As of today, electorate office staff of Victorian MPs will be bound by a new code of conduct signed off by Victorian Speaker Jenny Lindell and Council President Robert Smith.
The Code of Conduct for Parliamentary Electorate Officers (No. 1) (can’t wait for the sequels) is “a public statement about how a group or organisation expects to be perceived and, ultimately, judged. The action of each and every parliamentary electorate officer will shape the way they and Members of the Parliament are perceived.”
This is an important theme running through the Code. Hitherto most of us might’ve thought that it was MPs themselves who were responsible for how they are perceived, and many of them don’t exactly discharge that responsibility effectively. But under the Code, it is electorate staff who have to be careful – whether at work or not — lest they besmirch the reputation of MPs.
They must “behave in a manner that does not bring themselves or MPs into disrepute. Parliamentary electorate officers avoid conduct in their private life… which may bring MPs… into disrepute.” And “the misuse of alcohol, prescribed drugs, illegal drugs and other substances (are there any other substances?) is an issue for both employers and employees as it impacts… in some cases the reputation of MPs.”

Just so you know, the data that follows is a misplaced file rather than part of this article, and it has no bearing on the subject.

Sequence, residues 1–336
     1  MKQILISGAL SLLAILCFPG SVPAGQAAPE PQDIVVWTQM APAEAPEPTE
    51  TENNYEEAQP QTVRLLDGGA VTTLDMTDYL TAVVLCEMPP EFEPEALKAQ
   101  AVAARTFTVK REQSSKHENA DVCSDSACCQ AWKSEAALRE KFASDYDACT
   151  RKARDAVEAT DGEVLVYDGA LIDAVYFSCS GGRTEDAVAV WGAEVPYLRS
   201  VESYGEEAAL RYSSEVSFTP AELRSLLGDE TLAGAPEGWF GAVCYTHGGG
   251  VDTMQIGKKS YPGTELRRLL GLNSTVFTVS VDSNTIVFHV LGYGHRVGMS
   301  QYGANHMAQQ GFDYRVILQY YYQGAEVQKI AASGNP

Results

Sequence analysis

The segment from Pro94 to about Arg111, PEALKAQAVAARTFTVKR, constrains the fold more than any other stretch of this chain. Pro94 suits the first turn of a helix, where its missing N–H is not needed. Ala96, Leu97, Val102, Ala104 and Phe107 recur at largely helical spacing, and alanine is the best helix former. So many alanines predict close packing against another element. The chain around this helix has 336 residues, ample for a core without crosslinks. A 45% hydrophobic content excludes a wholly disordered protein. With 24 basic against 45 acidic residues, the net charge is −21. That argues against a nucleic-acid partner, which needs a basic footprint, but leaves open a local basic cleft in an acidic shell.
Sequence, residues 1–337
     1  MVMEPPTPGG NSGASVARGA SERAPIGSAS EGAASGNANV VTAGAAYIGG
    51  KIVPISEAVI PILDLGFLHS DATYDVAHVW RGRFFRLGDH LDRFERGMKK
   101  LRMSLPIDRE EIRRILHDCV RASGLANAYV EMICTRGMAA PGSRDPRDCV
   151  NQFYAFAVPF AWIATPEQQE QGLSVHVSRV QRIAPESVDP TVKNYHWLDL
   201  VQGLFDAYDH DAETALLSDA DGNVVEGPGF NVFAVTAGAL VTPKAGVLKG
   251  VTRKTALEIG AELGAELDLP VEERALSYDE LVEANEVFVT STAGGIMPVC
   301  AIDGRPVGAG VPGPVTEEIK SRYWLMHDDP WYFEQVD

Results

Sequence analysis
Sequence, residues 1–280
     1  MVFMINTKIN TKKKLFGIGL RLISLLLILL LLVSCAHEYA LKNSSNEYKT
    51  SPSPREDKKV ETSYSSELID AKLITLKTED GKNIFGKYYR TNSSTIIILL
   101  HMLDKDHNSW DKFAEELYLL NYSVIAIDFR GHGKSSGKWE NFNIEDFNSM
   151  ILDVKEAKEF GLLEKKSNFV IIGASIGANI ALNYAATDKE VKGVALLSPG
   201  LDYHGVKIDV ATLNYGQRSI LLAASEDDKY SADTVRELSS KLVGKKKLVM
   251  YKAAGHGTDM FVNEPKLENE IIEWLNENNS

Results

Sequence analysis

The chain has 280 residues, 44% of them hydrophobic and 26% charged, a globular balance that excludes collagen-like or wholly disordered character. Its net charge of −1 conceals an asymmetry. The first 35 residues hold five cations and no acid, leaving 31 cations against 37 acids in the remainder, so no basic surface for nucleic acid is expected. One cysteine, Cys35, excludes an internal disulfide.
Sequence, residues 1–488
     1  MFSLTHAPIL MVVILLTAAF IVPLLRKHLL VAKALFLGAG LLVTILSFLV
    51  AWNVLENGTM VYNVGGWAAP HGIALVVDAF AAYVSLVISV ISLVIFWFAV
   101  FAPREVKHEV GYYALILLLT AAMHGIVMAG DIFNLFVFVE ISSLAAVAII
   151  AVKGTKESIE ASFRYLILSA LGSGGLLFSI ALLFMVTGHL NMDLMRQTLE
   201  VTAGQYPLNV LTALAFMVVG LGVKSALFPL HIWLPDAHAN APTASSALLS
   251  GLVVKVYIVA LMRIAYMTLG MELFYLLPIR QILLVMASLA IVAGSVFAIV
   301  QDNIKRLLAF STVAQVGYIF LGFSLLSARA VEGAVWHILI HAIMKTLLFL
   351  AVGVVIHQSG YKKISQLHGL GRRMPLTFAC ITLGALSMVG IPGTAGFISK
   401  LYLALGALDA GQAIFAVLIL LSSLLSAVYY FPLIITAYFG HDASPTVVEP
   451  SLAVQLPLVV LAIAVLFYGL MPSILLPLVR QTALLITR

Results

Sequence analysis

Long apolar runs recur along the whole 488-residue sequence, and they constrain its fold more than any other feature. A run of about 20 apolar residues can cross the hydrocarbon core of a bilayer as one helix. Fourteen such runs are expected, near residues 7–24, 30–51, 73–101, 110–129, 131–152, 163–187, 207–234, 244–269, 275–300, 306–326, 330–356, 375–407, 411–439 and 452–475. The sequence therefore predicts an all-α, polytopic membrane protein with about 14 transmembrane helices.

Breaches of the code, officers are told, may lead to performance management and misconduct processes.
The best part of the code, however, is its emphasis on the need for staff to treat their MPs nicely. “Parliamentary electorate officers are fair, objective and courteous in their dealings with MPs.” They must “seek to build and maintain a high level of trust with MPs.” Best of all, they must “follow the spirit as well as the letter of laws relating to discrimination, harassment, bullying and intimidation.”
All eminently sensible stuff, albeit a little intrusive and couched in that sanctimonious bureaucratese that makes passive-aggressive censoriousness a prime IR weapon. In fact, it’s so sensible, it automatically begs the question as to why MPs aren’t subject to the same or similar requirements, at least as far as their own staff go. Read through the document and say “Members of Parliament” instead of “electorate officers” and see whether it yields anything inappropriate or undemocratic.
So we contacted Lindell and Smith about whether there would be a similar code of conduct for Victorian MPs. They or their offices hadn’t responded by deadline. According to the Victorian electorate office staff we’ve spoken to, a lot of them — one suspects like electorate office staff throughout the country – would settle for a code that went something like:
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Respect your staff and don’t bully them.
Let them have something approaching a work-life balance.
Work as hard as the people in your office.
Don’t punish whistleblowers.